BY JASON GLICKMAN
If students go upstairs in Hillwood and walk toward the location of the Pavillion, they’ll notice a room with the door propped open. If they peer inside, they will see a couple of computers or people standing and talking while watching people play games on the
computers. What they’ve found is Hillwood 259, or as it’s known amongst the gamers on campus, the new esports arena.
The arena recently changed locations to a more central spot compared to its previous location, room 226, the semi-circle shaped room in Hillwood above the concierge desk.
The new room sports six Alienware Aurora R7 PCs with Intel i5 8400 cores, each with a Logitech mouse and a 240Hz monitor, which makes for a well-equipped gaming setup, according to esport enthusiasts. In addition, the computers are hard-lined, which makes for minimal lag while playing online.
“The esports arena was moved because the esports program has surged in popularity,” John McDermott, the esports coach, said. “The new room has so much more space and there is a lot that can be done with the room.”
The new arena now has a pair of couches that students can sit on while waiting for a computer to open up or to simply watch other students game. Others use them to lounge with friends or catch up on schoolwork.
Students who use the room,such as Maqueisha Tierra Gillett, a sophomore business management major who is a member of the “Fortnite” team, are enjoying the change of venue.
“I enjoy the new room,” she said, “It’s better for spectators to watch, or if we just want to hang out and enjoy the company of our teammates.”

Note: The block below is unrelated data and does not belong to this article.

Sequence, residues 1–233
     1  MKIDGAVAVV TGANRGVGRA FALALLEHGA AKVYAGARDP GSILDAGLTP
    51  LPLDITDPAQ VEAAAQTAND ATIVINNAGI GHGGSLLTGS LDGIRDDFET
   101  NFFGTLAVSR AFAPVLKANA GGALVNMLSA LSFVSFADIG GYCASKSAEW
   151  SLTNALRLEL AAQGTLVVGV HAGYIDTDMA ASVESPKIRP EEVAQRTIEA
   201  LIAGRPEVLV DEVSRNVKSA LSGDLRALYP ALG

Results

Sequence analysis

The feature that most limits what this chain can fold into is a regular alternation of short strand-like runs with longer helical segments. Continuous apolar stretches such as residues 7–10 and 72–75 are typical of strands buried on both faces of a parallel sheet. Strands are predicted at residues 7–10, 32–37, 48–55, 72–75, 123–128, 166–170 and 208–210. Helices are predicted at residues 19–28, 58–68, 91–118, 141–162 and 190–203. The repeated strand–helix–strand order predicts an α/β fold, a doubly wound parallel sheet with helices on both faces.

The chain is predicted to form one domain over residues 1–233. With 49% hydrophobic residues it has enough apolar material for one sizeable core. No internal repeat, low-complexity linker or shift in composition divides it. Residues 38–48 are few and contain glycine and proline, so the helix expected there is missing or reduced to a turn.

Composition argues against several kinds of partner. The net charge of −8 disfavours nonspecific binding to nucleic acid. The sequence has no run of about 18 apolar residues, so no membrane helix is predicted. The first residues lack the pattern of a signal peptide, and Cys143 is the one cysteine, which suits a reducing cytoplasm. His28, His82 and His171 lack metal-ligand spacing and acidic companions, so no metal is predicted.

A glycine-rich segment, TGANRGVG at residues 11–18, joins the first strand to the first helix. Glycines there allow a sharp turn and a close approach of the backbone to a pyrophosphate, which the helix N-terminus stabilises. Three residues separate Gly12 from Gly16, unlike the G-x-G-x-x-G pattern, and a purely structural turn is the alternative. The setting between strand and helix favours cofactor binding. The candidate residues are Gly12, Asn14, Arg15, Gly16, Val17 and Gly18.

But not everybody has grown to like the new room. “It isn’t a proper place for them to dump us into,” a varsity team member said. There are a total of six computers in the arena, which according to team members, is just enough to play “Rocket League 3v3’s” and nothing else. “Rocket League” 3v3’s are a 3-on-3 contest between two teams in the video game.
The team members also noted the volume of people, sometimes as many as 16, who visit the room during common hour. With only six computers available, it’s extremely difficult for teams to practice together because they can’t kick off other varsity players who are also practicing.
Vice President of the Esports Club, Tim McIntyre, a senior game design major and a member of the “Hearthstone” team, expressed that the new room has potential to be a real focal point for gaming and esports on campus but a few issues need to be addressed first.
“The current issue with it is the lack of computers…and the TV’s have not been transferred over yet,” he said, referencing the six TV monitors from the old room. Each served as a live feed from a corresponding computer, allowing spectators to watch from anywhere in the room.
The old room had six desks pushed together, each with its own PC, monitor, keyboard,
mouse, and headset, creating a gaming conglomerate. Now, in the more spacious room,
each desk is separated, creating six different gaming areas.
This is too much room for some varsity members. Andrew Serken, a junior history and philosophy major who also plays for the “Hearthstone” team, noted that the old room “felt more teamly” and that he “liked how close all of the PCs were.”
Coach McDermott didn’t comment on the need for additional computers or what will be
done with the extra space in the room. However, he enjoys the extra space and believes it will benefit the arena moving forward. “There is a lot that can be done with this room,” McDermott said, “It presents a great opportunity to really grow the program.”